The Oracle

Guthrie strikes classic adaptation right on the nose

Current production of “Cyrano de Bergerac” by director Joseph Haj is not to be missed.

Franki Hanke, Senior Reporter

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“Your nose is very…” A silence hangs in the air following the trailing end of a thick, French accent. The audience, buzzing still from the rapid-fire dialogue of the opening scene of Cyrano de Bergerac, fall quiet in anticipation of the punchline waiting to slip from pursed lips. With an upturned chin, facing down the prime character at center stage, the line is finished: “…big.”

The biting, clever lines that followed in the opening duel soothed any concern that the new production in Minneapolis wouldn’t be worth the evening out. To elicit such genuine, radiating laughter from the entire, full opening night crowd meant the play that followed wouldn’t disappoint— even if a big nose was a major plot point.

Under Joseph Haj’s direction, Guthrie Theater is running “Cyrano de Bergerac”, an 1897 Edmond Rostand play about a complicated love affair. The play is centered around a poet who shares the same name as the play itself: Cyrano de Bergerac. He is a poet and talented swordsman who is bold and clever, but insecure about his staggeringly large nose. This vulnerability is what keeps him from sharing his feelings with his cousin Roxane, even when she shares she is in love with a new cadet in Cyrano’s company: Christian. Instead, Cyrano shares a plan with the tongue-tied newcomer: he’ll provide the wit to woo Roxane if Christian is the pretty face.

The play itself has long been popular both on stage and in film adaptations. It’s storyline is simple but compelling with a strong undercurrent of emotion and a heavy dose of humor. Using his own adaptation, Haj has sharpened the clever humor of existing English translations to leave the  McGuire Proscenium Stage echoing with staggering laughter.

Whereas some productions utilize extravagant set design or artful light or video display to elevate the story, the feature focus of Haj’s Cyrano de Bergerac is the acting. Both the comedy and the emotion are carried in the full embodiment of each character. On opening night, everyone on stage acted emotively. Jay O. Sanders, playing Cyrano himself, became the explosively passionate poet in gesture and voice with precision while Jennie Greenberry, playing Roxane, spoke volumes with her silent facial expressions.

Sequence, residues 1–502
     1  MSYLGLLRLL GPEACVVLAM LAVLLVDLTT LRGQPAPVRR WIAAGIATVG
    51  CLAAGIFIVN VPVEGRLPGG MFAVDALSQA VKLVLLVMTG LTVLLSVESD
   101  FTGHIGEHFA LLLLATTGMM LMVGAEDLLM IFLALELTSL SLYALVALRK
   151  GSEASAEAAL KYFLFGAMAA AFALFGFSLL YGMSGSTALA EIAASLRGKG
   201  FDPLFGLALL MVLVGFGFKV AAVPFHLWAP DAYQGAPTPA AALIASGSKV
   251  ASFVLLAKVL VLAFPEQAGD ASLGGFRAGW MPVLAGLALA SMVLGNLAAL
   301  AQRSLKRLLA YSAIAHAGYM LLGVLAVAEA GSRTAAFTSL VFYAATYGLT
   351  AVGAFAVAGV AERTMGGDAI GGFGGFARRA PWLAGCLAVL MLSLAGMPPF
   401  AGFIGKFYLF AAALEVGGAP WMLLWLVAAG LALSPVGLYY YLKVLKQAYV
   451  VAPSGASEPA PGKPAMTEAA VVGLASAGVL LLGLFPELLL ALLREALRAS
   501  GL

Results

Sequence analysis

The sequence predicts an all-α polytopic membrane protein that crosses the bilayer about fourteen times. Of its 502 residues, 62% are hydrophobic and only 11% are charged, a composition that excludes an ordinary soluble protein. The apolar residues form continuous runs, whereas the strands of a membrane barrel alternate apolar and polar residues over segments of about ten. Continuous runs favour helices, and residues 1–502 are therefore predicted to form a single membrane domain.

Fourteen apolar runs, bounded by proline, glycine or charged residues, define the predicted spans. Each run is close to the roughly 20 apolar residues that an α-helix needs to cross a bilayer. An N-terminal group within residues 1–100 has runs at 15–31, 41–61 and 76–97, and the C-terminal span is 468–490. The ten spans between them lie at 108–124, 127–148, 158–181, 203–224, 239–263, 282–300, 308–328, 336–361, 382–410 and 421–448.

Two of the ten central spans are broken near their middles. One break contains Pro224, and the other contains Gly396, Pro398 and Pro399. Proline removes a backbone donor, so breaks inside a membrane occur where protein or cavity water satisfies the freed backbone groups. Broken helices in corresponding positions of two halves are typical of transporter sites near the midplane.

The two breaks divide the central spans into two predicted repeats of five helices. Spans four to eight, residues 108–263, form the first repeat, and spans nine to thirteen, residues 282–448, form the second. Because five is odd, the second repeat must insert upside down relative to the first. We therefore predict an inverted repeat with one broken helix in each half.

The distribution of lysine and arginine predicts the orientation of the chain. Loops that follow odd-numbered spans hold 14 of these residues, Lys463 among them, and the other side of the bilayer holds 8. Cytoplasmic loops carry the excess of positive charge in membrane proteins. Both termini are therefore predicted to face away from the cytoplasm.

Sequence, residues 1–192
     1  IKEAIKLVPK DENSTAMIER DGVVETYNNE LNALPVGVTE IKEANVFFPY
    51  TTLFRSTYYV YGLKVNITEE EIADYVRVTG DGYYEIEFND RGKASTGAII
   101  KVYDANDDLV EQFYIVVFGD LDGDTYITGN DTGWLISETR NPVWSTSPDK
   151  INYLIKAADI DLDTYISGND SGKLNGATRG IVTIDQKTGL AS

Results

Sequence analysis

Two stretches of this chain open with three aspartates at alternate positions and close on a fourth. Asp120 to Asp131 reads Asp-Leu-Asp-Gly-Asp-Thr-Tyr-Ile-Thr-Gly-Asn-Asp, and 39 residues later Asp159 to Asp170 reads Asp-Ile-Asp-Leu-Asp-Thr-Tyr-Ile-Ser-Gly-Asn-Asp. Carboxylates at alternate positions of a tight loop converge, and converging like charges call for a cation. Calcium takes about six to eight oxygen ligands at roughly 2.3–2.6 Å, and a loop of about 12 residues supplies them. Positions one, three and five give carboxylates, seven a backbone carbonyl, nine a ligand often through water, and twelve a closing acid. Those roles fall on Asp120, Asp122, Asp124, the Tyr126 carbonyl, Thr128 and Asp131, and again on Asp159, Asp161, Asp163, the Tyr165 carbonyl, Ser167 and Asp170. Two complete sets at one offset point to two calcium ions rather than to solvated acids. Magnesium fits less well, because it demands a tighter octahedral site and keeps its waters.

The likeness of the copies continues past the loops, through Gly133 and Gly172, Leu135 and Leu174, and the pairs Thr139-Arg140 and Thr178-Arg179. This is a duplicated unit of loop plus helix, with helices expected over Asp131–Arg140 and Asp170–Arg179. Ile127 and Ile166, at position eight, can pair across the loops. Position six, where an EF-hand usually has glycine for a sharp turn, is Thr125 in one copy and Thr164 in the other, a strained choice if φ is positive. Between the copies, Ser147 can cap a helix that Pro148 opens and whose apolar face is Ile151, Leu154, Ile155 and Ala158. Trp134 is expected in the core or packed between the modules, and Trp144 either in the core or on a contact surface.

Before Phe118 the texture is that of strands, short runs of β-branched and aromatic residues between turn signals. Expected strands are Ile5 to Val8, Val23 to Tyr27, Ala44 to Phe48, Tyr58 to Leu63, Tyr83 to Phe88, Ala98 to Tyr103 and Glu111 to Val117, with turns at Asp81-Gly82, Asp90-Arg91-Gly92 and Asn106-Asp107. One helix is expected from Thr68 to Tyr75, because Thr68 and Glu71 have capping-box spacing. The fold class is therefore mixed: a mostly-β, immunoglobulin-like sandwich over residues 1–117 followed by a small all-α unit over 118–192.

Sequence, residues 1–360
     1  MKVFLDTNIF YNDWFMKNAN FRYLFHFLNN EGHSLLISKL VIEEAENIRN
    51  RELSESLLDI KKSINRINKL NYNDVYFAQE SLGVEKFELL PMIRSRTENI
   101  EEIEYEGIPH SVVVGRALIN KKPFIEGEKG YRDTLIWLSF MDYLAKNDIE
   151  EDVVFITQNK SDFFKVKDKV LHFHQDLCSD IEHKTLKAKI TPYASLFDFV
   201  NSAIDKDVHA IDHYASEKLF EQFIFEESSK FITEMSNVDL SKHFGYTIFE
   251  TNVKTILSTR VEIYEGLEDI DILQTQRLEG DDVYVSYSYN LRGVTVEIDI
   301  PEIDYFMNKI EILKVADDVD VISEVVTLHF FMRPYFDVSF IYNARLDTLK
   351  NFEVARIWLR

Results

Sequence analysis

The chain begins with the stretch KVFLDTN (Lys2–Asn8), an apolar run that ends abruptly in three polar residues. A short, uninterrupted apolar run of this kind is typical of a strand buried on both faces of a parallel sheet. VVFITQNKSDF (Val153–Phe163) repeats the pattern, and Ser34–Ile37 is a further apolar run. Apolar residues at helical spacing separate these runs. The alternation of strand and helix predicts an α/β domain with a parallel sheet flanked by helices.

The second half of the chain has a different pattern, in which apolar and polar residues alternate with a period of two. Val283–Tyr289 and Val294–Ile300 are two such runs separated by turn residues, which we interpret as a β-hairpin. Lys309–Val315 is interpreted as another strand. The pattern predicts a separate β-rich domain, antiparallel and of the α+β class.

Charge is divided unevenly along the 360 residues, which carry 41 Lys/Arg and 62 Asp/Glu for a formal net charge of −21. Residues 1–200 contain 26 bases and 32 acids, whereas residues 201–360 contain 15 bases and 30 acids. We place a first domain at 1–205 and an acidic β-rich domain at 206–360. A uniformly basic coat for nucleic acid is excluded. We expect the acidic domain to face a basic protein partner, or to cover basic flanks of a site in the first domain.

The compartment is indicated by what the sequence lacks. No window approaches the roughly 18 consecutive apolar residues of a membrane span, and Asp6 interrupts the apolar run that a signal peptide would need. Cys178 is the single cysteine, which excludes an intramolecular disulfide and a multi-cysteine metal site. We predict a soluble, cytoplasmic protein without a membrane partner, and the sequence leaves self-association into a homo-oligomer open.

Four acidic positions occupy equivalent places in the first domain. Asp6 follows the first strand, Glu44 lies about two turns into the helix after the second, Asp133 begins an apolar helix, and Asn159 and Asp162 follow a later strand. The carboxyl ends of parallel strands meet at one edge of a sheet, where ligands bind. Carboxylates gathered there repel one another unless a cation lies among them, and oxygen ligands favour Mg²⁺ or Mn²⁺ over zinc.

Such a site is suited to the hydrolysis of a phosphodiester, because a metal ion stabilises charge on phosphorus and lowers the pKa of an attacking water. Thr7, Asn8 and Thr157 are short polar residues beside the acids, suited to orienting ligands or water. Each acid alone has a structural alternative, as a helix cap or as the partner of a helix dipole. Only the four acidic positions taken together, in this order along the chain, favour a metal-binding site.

However, the stellar acting would have fallen short if not for the costume design. With a plot centered around Cyrano’s oversized nose, the prosthetics for this production are essential. A new nose is created and fitted for each performance for Sander’s signature look. Chin-down, the wardrobe of the 1640 time period is captured in rich layers suited to each character’s status with an acute attention to detail.

As beautiful as the curiosity cabinet inspired set design is, without the talent of the actors, the play would flop. The passion and dedication to the characters every actor on stage showed (from lengthy declarations of love to the infliction of a singular, nose-themed insult) was where this production is most impressive. Coupled with a sharp adaptation that varied from prose to zipping humor, the opening night performance was one of gut laughter all through the first act and shimmering eyes in the second act.

All factors combined, the Guthrie’s current production of “Cyrano de Bergerac” is not to be missed. The plot is universally striking, the dialogue witty and the acting top notch. This production runs from March 16 to May 5 on the McGuire Proscenium Stage with tickets ranging from $29 to $78. More information can be found on the Guthrie’s website.

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Guthrie strikes classic adaptation right on the nose